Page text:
These islands clustered in the Indian Ocean southwest of India and Sri Lanka are considered the flattest on Earth—and perhaps the most at risk from rising sea levels due to global warming. • There are thought to be some 1,100 islands in the Maldives chain, but only about 200 are inhabited. • Perhaps half are in private hands. • A visitor intent on snorkeling, diving, and swimming among the world’s most exotic fish could do no better than to take up those delightful challenges here.
2. Costa Brava, Spain
Crisscrossed over the centuries by Moroccan mercenaries, militant monks, and warring princes, Spain today recalls mostly the legacy of the Romans and the Moors. • Worth remembering is the ease with which Jews, Muslims, and Christians coexisted here for so long. • Picasso's wrenching "Guernica," Dali's unforgettable surrealist obsessions, Gaudí's unfinished Sagrada Familia in Barcelona merely hint of Spain's artistic splendors. • Its cuisine is accounted by many today as superior to that of France. • A timeless culture, endlessly renewing itself.
|The Dalí Theater and Museum honors artist and hometown boy Salvador Dalí in Figueres, Spain, with a suitably surrealistic building.|
3. North Colombia
Wedged between Venezuela to the east, Brazil to the south, and the Caribbean to the north, it’s the only country in South America whose sugared beaches are lapped by both the Atlantic and Pacific. • Straddling the equator, this lush tropical nation boasts a diversity of fauna and flora so rich as to stagger the mind. • Bogotá, the capital, has a big-city bustle, with the concomitant undercurrent of poverty and crime. • Cartagena, by contrast, may be the loveliest colonial city in all South America.
It was annexed by Napoleon in the early 1800s, became part of Yugoslavia after World War II, and today, after the most violent epoch in recent European history, stands a free and prosperous state, offering visitors natural and historical bounty. • Horseshoe-shaped, bounded by Serbia, Slovenia, Montenegro, and Bosnia and Herzegovina, Croatia casts its eyes beyond the breathtaking fortress city of Dubrovnik across the Adriatic toward Italy. • Once again vital and energized, it's a miracle of resurrection.
The United Kingdom’s capital city—covering 610 square miles (1,580 square kilometers)—is huge. Founded in A.D. 43, it’s also old. And powerful. London is a hub of culture, business, and politics—and center of the once glorious British Empire that can still throw its weight around the globe. Served by a fabulous subway system, numerous tour buses, and the iconic black taxis, London is not difficult to find your way around in. And despite the city’s enormity, the center is small enough to make walking a good option—just mind the warnings painted on the curb to look right when crossing the street. Drivers come at you, unexpectedly, along the left side of the road.
|Fashion: Londoners have a fearless approach to style. Dreadlocks, pompadours, shaved heads, even magenta mohawks work.|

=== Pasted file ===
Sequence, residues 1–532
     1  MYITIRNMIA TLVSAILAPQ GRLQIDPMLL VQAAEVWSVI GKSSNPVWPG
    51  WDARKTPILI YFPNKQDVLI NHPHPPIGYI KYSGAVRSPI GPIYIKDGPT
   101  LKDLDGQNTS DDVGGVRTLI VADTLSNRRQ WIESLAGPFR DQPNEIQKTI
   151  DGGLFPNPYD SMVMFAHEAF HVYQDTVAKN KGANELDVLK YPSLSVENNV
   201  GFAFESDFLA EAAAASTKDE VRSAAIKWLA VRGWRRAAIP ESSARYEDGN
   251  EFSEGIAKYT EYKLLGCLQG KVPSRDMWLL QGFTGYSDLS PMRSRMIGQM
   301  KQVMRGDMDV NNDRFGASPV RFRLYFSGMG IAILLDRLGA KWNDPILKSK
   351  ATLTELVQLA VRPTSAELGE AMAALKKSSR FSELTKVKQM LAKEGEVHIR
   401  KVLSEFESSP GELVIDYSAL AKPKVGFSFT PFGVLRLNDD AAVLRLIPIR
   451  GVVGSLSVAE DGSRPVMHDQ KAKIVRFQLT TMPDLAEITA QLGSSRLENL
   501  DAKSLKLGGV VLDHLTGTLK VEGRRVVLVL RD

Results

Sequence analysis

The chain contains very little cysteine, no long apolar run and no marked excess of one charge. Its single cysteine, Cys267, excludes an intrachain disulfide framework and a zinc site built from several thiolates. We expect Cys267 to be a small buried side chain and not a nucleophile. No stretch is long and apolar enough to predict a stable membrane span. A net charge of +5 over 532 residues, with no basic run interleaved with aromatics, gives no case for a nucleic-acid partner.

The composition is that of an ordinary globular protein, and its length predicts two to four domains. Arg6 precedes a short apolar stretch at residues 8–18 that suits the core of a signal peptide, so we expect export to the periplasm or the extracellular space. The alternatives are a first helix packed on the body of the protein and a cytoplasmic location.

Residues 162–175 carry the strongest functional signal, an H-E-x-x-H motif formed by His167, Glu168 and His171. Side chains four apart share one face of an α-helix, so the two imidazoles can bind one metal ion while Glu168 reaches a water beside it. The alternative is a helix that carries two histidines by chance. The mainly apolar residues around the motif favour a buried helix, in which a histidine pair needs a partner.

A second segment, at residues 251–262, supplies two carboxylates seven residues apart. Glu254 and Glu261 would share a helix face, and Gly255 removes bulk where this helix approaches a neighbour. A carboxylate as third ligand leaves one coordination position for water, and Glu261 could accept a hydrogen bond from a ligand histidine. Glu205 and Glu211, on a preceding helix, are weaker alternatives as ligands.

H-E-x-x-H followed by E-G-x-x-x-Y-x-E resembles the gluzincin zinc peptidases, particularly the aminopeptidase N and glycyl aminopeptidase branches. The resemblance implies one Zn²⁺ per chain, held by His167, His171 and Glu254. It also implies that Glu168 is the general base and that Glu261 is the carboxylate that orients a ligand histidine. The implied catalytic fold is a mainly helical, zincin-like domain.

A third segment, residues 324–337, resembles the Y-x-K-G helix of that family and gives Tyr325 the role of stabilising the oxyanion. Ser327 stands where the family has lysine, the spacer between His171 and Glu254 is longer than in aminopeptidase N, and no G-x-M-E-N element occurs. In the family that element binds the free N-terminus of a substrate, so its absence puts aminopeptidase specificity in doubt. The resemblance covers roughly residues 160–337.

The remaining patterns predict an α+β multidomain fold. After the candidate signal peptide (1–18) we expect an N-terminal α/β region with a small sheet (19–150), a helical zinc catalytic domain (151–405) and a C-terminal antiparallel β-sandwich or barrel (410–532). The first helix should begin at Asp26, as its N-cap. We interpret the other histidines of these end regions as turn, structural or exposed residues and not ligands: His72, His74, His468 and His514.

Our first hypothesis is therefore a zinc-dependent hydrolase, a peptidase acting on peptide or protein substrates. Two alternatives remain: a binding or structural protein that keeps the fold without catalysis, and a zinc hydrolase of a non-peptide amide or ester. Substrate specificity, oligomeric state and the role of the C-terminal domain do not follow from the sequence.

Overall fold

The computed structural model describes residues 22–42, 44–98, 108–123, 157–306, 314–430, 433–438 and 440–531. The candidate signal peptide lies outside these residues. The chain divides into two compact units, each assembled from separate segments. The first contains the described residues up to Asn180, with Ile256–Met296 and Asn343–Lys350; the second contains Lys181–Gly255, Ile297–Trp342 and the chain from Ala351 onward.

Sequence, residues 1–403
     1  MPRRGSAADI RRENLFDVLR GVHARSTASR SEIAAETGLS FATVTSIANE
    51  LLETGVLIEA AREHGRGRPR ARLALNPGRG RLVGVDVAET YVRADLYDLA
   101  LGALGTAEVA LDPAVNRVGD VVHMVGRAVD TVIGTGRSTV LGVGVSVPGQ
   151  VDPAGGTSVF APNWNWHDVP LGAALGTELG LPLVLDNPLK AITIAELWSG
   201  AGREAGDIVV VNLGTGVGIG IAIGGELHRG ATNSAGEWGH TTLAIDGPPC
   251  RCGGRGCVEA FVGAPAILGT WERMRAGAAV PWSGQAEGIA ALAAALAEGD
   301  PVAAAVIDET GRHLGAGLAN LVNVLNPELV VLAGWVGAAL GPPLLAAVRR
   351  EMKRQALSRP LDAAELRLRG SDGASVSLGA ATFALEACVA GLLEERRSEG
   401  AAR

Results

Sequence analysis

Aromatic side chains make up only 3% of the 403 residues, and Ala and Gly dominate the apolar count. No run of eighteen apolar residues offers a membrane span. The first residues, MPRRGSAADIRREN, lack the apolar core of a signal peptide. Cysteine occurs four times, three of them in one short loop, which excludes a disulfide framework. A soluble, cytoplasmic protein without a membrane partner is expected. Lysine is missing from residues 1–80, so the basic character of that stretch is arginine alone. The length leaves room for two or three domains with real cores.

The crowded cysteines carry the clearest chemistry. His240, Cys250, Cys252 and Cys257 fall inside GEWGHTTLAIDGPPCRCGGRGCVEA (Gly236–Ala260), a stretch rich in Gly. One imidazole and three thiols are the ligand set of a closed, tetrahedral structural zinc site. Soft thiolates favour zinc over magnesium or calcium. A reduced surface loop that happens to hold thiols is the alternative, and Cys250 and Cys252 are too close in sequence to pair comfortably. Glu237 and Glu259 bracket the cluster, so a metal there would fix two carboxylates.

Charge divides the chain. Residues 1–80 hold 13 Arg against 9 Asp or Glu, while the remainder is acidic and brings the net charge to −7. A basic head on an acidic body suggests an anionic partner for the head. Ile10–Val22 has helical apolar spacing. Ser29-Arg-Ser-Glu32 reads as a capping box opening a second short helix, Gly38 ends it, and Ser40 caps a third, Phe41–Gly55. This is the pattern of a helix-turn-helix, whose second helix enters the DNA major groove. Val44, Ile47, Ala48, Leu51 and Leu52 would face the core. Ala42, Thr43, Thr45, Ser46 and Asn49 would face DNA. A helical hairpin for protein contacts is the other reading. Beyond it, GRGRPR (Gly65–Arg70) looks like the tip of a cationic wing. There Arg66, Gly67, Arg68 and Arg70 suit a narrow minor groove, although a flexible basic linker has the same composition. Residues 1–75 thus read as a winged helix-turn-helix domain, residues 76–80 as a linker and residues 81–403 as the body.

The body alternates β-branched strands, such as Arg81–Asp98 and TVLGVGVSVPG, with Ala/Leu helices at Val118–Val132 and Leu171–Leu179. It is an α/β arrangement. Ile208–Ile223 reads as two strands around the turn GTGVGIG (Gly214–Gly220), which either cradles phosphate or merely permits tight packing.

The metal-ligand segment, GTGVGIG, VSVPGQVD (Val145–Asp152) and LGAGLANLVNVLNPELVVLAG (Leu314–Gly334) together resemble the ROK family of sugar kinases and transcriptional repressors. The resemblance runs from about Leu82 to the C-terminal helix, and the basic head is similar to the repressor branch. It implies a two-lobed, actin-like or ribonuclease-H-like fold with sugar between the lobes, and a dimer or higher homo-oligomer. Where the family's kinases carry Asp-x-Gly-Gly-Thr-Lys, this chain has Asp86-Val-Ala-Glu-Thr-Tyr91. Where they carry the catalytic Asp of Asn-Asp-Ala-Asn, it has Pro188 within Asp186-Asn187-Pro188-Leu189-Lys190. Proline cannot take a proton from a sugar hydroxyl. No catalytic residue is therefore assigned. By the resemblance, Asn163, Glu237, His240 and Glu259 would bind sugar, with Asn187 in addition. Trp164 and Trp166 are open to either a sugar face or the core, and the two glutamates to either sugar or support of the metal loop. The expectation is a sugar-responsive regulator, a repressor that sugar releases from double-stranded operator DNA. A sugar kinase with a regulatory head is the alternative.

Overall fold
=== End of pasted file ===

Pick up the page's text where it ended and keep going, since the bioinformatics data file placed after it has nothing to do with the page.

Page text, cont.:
Wherever you set your foot," Cicero wrote about Athens in the first century B.C., "you encounter some memory of the past." • And that holds not just for the storied Greek capital—the Parthenon presiding above its furious daily bustle—but for all of Greece, from ancient Thessaloniki and Mount Olympus in the north to any of the 2,000 islands scattered across the Ionian and Aegean Seas. • Cicero was referring the Athenian golden age, that explosion of arts and architecture, philosophy and drama. • Aeschylus, Aristophanes, Socrates, Plato, and Aristotle—these are only the best known names of the age of Pericles. • Time has done little to change the essential Greece.
7. Sri Lanka
The words mean "resplendent isle," and the natural charms of this pear-shaped island in the Indian Ocean that nearly kisses the southeast tip of India are indeed splendid. • Peopled mostly by Sinhalese, the result of waves of Indo-Aryan emigration, the island is mostly flat, with gentle mountains in the south. • The Portuguese and the Dutch once waged proxy wars here; by 1802 the island was a British colony. • This century saw bloody civil war, as the Liberation Tigers, representing minority Tamils, fought the Sinhalese and their domination of politics and economics. • In 2009 the Tigers were vanquished. • Today peace prevails.
The westernmost country of mainland Europe, edged by the Atlantic to the west and south and Spain to the north and east, it’s best known as the great seafaring nation that created a global empire stretching from Africa to Asia to South America in the 15th and 16th centuries. • This rugged wedge of the Iberian Peninsula has its own long history of being overrun, but today Portugal is one of Europe’s best kept secrets, with great food and wine and spectacular countryside at some of the Continent’s best prices
9. New Zealand
Glacier-carved mountains, bubbling thermal springs—New Zealand offers an array of natural splendors found nowhere else on Earth. • North Island and South Island split the Pacific from the Tasman Sea. • Agriculture is the nation's economic engine, and there are few places in the world where one can dine on finer, fresher delicacies than those grown or raised here or pulled from the abundant sea. • Dominated by two cultural groups, European descendants and the minority Maori, New Zealand boasts a populace that is largely prosperous and contented, proud of the exotic land they call home.
A land of rushing rivers and verdant forests, Thailand's fertile central basin is the nation's breadbasket. • Alone among its neighbors, Thailand has never been colonized. • Most of its 60 million residents are Buddhists. • A good joke is enjoyed by most—there are 13 different Thai words to describe a smile. • Monks, saffron-robed, abound, begging politely from door-to-door. • Fried cockroaches are a dietary staple. • A storied land of kings and dynasties, Thailand today enjoys both a strong democracy and a robust economy.